I Don’t Want to Be a Concrete Angel

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“Put your mask on Carly,” even though she was only seven, Carly knew what that meant. Mommy was telling her to pretend like nothing had happened, like Daddy had not hit Mommy and Mommy hadn’t cried all night. She had been afraid to go to sleep; last night was worse than most nights. She screamed once, she couldn’t stop it. Daddy said if she did it again she would be a concrete angel; she didn’t know what that meant but Mommy had been afraid when he said it. She put on the expressionless face she had learned to wear and wondered how Mommy was going to put on a mask that would cover all the bruises on her face when she took her to school.

Her teacher, Mrs. Abrams was on bus duty that day. She saw the car pull up and noticed the expression on little Carly’s face as she quickly got out of the car and closed the door. She had been concerned about the little girl for a long time; today she was alarmed. Carly’s mother had tried to turn away, but not before she saw the dark bruises and cuts on her face. She saw the look of alarm and even fear cross the woman’s face. Something terrible was going on in Carly’s home, she just knew it.

Just after attendance, she gave the class work to complete and called Carly to her desk. She saw her little legs shaking as she made her way to the desk and knew the reality of ‘shaking in her shoes.’ Her expression was fixed, showing no emotion until you looked into her eyes. She saw the tears welling up; she was frightened and genuinely upset. She decided to be straight forward, hoping Carly would understand she could trust her through her honest approach.

“Carly, I noticed your mother’s face was bruised and cut this morning when she dropped you off. Did something happen at home last night? Did someone hit your mother?”

Carly seemed surprised at her words. She looked at the floor and whispered, “No, nothing.”

“Carly, I have been very concerned about you for quite some time. I know something is happening in your home. I think you and your mother are in danger. Please be honest with me, I intend to get to the bottom of this but I will not hurt you or your mother. Do you understand?” Carly continued looking down; she shook her head indicating she had understood.

“I’m not allowed to talk about it; my Mommy said it will only make things worse if I do.” The tears began falling down her little face. Mrs. Abrams wrapped her arms around the little girl. Her shoulders shook as she sobbed and sobbed, it was heartbreaking. She called the office and asked for someone to come and mind her class while she took Carly to the Nurse’s station. They needed privacy; something was terribly wrong.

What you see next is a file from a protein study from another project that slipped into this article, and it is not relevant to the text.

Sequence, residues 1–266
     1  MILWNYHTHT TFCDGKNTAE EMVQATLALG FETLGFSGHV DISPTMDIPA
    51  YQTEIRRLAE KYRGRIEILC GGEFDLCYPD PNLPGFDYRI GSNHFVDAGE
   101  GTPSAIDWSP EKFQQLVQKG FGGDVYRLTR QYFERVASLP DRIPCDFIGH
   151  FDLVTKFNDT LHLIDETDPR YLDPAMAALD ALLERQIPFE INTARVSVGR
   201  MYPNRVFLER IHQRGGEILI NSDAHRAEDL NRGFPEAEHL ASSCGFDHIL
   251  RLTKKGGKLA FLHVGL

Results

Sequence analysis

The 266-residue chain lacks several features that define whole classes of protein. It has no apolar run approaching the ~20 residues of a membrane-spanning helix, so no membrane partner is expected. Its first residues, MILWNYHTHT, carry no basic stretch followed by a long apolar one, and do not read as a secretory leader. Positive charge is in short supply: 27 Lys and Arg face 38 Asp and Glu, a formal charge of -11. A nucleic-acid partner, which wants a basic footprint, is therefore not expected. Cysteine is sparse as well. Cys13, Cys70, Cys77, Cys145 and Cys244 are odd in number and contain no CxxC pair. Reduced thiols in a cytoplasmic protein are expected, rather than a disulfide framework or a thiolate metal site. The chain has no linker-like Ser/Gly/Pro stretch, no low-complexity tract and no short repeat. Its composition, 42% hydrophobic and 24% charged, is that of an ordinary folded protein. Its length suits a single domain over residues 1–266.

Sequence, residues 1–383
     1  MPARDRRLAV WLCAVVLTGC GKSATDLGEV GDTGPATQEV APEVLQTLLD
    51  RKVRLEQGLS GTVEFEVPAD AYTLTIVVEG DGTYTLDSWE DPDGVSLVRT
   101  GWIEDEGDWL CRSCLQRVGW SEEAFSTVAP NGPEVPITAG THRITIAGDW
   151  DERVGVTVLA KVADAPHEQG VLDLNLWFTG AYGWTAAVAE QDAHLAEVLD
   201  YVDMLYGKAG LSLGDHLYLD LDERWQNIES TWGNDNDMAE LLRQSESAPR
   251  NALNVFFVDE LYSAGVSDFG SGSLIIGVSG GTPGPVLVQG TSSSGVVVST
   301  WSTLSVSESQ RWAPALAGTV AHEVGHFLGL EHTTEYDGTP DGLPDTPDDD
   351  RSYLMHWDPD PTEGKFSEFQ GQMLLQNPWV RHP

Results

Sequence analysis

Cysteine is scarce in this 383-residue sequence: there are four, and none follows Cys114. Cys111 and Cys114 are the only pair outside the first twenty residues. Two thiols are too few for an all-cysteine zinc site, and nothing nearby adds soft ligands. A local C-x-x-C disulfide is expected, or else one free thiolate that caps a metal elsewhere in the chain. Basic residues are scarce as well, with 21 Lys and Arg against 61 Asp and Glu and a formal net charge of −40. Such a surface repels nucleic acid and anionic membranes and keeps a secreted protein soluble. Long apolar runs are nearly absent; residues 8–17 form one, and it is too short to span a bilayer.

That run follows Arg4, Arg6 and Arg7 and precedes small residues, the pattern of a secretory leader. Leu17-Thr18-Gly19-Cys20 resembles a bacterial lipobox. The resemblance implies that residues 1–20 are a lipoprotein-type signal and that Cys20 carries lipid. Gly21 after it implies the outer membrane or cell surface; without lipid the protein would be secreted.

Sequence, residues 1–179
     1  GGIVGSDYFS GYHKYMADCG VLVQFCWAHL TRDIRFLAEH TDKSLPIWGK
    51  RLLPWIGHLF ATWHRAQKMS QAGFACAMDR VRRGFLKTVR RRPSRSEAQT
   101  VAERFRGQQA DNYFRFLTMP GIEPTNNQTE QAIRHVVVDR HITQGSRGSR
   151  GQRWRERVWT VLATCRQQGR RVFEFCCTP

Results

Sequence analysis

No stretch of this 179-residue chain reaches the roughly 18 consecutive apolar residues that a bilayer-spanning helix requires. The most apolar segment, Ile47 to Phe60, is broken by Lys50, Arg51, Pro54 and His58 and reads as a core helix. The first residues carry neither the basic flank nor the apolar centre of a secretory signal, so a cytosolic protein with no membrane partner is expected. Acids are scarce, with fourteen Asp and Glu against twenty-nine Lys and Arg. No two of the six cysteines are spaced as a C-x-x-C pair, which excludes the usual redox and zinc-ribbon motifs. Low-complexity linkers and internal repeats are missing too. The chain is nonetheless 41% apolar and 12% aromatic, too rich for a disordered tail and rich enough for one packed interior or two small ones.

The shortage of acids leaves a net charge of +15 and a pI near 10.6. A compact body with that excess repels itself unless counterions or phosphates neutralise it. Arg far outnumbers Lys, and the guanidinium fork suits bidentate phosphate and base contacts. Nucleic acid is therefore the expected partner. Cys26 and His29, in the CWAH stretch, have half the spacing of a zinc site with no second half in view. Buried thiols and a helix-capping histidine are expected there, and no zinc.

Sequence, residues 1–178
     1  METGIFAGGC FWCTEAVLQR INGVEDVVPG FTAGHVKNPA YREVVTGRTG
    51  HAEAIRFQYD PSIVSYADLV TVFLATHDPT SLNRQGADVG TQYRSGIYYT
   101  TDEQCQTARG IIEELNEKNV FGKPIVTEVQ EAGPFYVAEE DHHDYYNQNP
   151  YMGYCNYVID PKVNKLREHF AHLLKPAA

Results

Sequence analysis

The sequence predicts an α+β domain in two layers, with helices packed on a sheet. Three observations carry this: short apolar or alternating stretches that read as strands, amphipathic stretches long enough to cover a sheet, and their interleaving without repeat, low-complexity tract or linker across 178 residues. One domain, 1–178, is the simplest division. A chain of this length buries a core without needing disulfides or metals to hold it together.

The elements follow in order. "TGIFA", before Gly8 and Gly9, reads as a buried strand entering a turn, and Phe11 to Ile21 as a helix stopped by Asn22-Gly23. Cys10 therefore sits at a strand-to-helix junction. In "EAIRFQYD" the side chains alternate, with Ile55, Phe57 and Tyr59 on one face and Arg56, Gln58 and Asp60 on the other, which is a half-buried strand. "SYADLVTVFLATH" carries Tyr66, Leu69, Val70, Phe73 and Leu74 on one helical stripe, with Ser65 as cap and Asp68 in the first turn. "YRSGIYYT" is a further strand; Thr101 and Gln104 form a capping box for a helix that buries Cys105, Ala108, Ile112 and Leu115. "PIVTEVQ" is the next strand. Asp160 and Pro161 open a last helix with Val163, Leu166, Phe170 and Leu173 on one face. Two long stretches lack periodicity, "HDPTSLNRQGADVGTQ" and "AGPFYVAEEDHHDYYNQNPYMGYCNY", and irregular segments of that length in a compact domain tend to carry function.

Carly seemed comforted by the uniform the nurse was wearing; somehow she seemed to accept that help was there for her. Finally the sobs grew fainter and then stopped. Carly sat on a sofa, her little legs dangling, too short to even reach the floor; her teacher on one side the nurse on the other. Finally she stopped shaking.

“What is a concrete angel?” The words were spoken so quietly that both adults thought they had not heard correctly. They stared at one another; surely they had not heard those words! She asked again, louder this time. “What does it mean if someone is going to be a concrete angel? I don’t want to be a concrete angel!”

The nurse spoke softly, comforting the child. “Carly, did someone say those words to you?” Carly began crying again. She quietly repeated what had happened in their home last night, and how her father had shouted at her; “If you scream again, you’re going to be a concrete angel.” She told them she was not allowed to talk to anyone about what happened in her house, that Daddy would kill Mommy. She began crying loudly again, obviously fearing she had betrayed her mother.

“Carly, it is not safe for you or your mother to be in a home where this is happening. I am going to ask you to trust me. We are going to talk to your mother. If she agrees to leave, a temporary place will be found for both of you. If she will not leave, you will be taken out of the home until other arrangements can be made for you and hopefully your mother. We are not doing this to hurt you; we are trying to save your life. Do you understand?”

The girl’s voice quivered; she shook her head, indicating she understood. The nurse held her until the social worker arrived. Carly left with her while a police officer and another social worker went to talk to her mother. Her injuries were obvious; yet she refused to press charges or leave her husband, even knowing her daughter had been taken away from her. The officer told her the state might very well press charges without her consent.

Carly’s mother and father were dead when the officer arrived the next morning to arrest her father. It was ruled a murder-suicide. They could only surmise that her father had been enraged when he learned that his sick secret was out and that he would probably be arrested. He had turned his rage on his wife; her broken body had been beaten nearly beyond recognition. A single gunshot wound to the head had killed him.

Years later, as Carly visited her mother’s grave she placed flowers and prayed she was safe now; it had never stopped hurting, maybe it never would. If her mother had left that day they would both be alive. She stood to leave and stared at the concrete angel atop the headstone, giving silent thanks to Mrs. Abrams for caring enough to notice and then insisting she tell the truth. It had saved her life and inspired her to become a teacher who would never be afraid to insist on the truth or notice what was happening to the children in her class. Many times teachers are unknowingly the first responders that save fragile, innocent lives of those too weak or small to save themselves.

write by murphy

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